Max LeMonk, the monkey puppet, and I wandered into a roadside diner that sits alone along the side of the dusty dessert road. The low angle of the setting sun sends light though the glass tubes of the broken neon sign in the diner’s window.
Then the neon word “EATS” begins to crackle randomly, like a beckoning, or perhaps an ominous warning. Perhaps it is both. “Wish we hadn’t had our last Snickers ,” Max confides. I nod.
We enter the diner, disturbed by the stillness and confused. The lights seem to be both on and burned out at the same time. A condition of the sun-faded sign telling us to “Please seat yourself” leads us to wonder if we should try instead to make it to Joshua Tree.
We sit down in a booth with tall sides. Then we hear a voice from behind us, a voice from the next booth.
This little place here is called The Crossroads.“Please tell me I didn’t hear who I thought I heard,” Max said with a sigh of exasperation. Max and I turn and peer over the top of the divider and into the next booth. There sat don Rey Ortega, patiently savoring a bite of what appeared to be a Denver omelet. It was a hardy one, too.
Max and I looked at don Rey, the omelet, and each other. Then we looked at the handwritten, partially erased menu board behind the counter: Breakfas Erved Al Da . Though the presence of don Rey always makes me reverential, even I had but one question for the nagual. “How’s the food here?”
Max was busy looking around. “Bet there’s still lead paint on the walls. This place is a dump!” Don Rey stomps his foot under the table, and Max felt dirt inexplicably being thrown on his shoes.
The rusted corrugated metal and barnwood that decorates the place was collected from old broken down homesteads shacks out in the desert.I look around, and notice that faint outlines of human figures are appearing all around us. Behind the counter, a young boy appeared, covered in tattoos and flipping burgers. Max, believing don Rey was distracted, tried to steal a piece of his toast. Don Rey just smiled, and the toast turned into hash browns before out eyes.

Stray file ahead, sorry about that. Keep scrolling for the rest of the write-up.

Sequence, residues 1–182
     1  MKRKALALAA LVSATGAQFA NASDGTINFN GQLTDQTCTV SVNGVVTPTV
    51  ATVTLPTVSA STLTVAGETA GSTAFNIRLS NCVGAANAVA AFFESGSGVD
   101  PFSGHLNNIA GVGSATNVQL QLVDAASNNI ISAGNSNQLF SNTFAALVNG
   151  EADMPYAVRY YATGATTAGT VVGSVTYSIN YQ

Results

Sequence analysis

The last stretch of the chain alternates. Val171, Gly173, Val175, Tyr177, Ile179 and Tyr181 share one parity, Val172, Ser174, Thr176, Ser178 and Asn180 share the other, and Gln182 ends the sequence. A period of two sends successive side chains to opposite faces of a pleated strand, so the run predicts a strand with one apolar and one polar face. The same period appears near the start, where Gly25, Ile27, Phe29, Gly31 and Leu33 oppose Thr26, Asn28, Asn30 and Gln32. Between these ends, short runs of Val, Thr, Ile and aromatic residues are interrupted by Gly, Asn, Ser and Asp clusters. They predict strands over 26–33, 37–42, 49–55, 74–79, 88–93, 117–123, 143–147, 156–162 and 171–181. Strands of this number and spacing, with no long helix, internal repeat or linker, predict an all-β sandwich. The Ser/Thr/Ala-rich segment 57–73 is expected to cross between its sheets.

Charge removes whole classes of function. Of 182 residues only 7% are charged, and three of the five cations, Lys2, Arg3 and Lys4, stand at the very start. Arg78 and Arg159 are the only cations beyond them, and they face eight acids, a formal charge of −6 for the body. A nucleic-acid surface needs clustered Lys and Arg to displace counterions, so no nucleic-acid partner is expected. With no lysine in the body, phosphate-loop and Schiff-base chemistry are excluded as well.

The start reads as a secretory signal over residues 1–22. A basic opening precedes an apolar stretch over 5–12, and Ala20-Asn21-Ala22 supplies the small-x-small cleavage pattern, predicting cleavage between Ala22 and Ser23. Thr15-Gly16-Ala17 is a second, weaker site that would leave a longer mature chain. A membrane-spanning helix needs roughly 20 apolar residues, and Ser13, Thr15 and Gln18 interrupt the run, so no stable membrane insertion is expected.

And the people that gather here are just as unusual as the surroundings, from the tattooed kid taking orders at the counter to the variety of desert rats that this place attracts.“Rats? Did he say rats?” Max murmured.
Then the juke box turned itself on, playing a 1950s standard, "I Got A Crush On You, Sweetie Pie..." Don Rey’s head bobbed lightly, enjoying the tune like an old romantic fool. Then he gestured to the haunting figures which have gathered.
The smelly homeless looking guys walking out the door are actually attorneys from Los Angeles. There's the local chain smoking vegetarian and the dreadlocked hippy kids with their drums and backpacks along with their cardboard signs that say Arizona or San Diego. They all gather here to eat and drink at this desert watering hole.Max’s eyes rolled back in his monkey head. His hunger overtaking his sense, Max rants. “Lawyers, he says! Vegetarians! Dreadlocks! If the old fart were Irish, he’d tell us their names are all Malarkey!” Don Rey simply smiled, and Max’s mouth filled with a side of bacon. Don Rey’s eyes looked out into the hazy figures in the now crowded diner.
They come to listen to the quiet and fill their souls.“Oh, god," Max said with his mouth full. “Now he rhymes? Next he’s going to make us call him don Bob Dylan or something.” I covered my eyes, fearing don Rey’s wrath at the monkey puppet’s impertinence. But I heard nothing. Then I felt Max tapping my shoulder. He told me to open my eyes; they I won’t believe what I’ll see.
Before returning to the city that is full of holes.
Don Rey was gone, leaving only his check… and enough money to cover a tip.
And the tattooed boy smiled.